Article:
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Does Your Organization Have 2020 Vision?

Vision wins in marketing, but for vision to win, we need to have the right structure.


Several years ago, we researched the definition and examples of vision, mission, core values, and brand promises.

And the information was all over the place. People were structuring and organizing these statements in tons of different ways. The word we like to use to describe what we found is cattywampus.

So after reading and researching, we compiled a structure for these statements that helps you win!

Get 2020 Vision
Vision is the north star, and the “why” guides every step. The purpose of a properly written vision statement is to create a mental picture of the future charged with inspiration that can serve to energize, clarify, and inspire you, your team, donors, clients, and the community around your organization.


Here’s your vision statement checklist to ensure your vision isn’t cattywampus:

✓ Short
✓ Portable
✓ Easy to understand
✓ Memorable
✓ Inspiring

Compelling visions won’t have core values or mission statements. They are aspirational. Some of our favorite examples of powerful vision statements include:

  • “Champions for Christ” – Fellowship of Christian Athletes
  • “Make America Great Again” – President Donald Trump
  • “Change; Yes We Can” – President Barack Obama

So, what is your “why”?

Your Mission

After you’ve determined your “why” in your vision statement, you can develop your mission statements.

Your mission statement answers the who, what, when, where, and how questions. Since mission statements are the steps to the vision, they can be much longer, and you can have multiple statements.

If you picture your organization as a home, your vision is the roof, and your mission statements are some of the pillars that support the roof.

At The Core

Mission statements are the “How” while vision is the “Why” and the core values are “What” is important to the organization.

But every company also has a unique set of core values, and they support the vision and decision-making processes within the organization.

You don’t want your core values in your vision statement.  Vision doesn’t win there. 

Instead, you want to identify them as core values. Core values are part of your company’s DNA. They define what your organization stands for, highlighting an expected and idealized set of behaviors and skills.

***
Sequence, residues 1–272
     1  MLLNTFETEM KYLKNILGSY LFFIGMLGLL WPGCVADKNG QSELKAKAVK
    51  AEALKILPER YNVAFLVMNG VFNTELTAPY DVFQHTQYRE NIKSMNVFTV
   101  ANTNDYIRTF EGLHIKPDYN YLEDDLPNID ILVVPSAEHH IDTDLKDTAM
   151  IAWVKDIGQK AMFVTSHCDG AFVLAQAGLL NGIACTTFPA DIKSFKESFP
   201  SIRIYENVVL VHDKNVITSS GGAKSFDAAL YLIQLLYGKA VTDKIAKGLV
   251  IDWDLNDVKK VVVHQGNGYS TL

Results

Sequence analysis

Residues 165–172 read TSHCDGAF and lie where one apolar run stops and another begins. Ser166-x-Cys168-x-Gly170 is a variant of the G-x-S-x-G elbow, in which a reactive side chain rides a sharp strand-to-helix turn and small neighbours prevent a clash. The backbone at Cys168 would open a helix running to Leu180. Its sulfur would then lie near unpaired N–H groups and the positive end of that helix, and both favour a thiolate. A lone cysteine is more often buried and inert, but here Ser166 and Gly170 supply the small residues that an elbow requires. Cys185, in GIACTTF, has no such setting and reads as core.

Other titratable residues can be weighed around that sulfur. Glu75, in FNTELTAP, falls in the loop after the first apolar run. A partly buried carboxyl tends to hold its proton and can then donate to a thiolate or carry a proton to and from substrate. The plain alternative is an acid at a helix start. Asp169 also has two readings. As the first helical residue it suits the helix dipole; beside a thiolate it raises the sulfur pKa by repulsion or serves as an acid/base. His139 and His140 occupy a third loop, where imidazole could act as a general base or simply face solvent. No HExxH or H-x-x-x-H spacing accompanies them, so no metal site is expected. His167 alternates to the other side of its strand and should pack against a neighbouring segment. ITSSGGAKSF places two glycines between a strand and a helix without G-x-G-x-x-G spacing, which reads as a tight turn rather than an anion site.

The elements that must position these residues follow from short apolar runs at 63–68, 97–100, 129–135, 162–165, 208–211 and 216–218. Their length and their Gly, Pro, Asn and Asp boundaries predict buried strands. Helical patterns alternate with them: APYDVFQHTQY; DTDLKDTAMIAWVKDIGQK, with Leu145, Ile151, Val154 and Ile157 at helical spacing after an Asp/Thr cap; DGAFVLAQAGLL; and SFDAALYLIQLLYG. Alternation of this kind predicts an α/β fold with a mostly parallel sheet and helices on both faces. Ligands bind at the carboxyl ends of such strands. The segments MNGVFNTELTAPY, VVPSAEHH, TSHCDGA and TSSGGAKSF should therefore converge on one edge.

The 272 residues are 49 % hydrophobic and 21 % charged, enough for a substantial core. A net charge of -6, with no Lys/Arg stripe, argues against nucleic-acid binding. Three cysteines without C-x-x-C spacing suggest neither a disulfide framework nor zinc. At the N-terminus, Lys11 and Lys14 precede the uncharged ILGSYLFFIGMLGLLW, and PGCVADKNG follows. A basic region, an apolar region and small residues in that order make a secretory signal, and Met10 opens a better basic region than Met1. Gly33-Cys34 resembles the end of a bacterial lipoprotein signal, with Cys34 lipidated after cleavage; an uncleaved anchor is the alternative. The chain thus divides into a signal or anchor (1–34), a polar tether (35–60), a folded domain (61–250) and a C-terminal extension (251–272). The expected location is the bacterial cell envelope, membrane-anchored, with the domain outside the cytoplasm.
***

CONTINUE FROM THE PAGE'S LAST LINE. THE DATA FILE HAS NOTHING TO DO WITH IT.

These values can come from the executive team or the original visionary. An easy place to start with the core values is to ask the question “What makes you mad?”

So you’ve got a few questions to ask yourself and your team: why, who, when, where, how, and what. These questions are the building blocks from which you can create your 2020 vision.

A properly written vision statement backed by mission statements and core values will unify your team and open up an entirely new set of avenues and possibilities, which by itself is a tremendous source of passion and energy.


My heart is full this morning. That’s the only word that I know how to use to describe what I’m feeling…full of hope, full of excitement…very alive – today is kind of like its own little freedom adventure. I love it! I’m looking forward to more days with a heart full of purpose and destiny.

Debbie Vosburgh

My time with Dave Jones clarified and crystallized my purpose and mission in life, allowing me to quit wasting time on "good" projects and instead spend my life in the "sweet spot" of my passion and purpose!

Rick Green

I have more focus with all my passions - serving the community. I’m able to communicate what I'm here to do, and it's been great because I don't have to waste my time doing things that are not necessary for me.

Jackie Omotosho

Let Us Help You Find Your Vision

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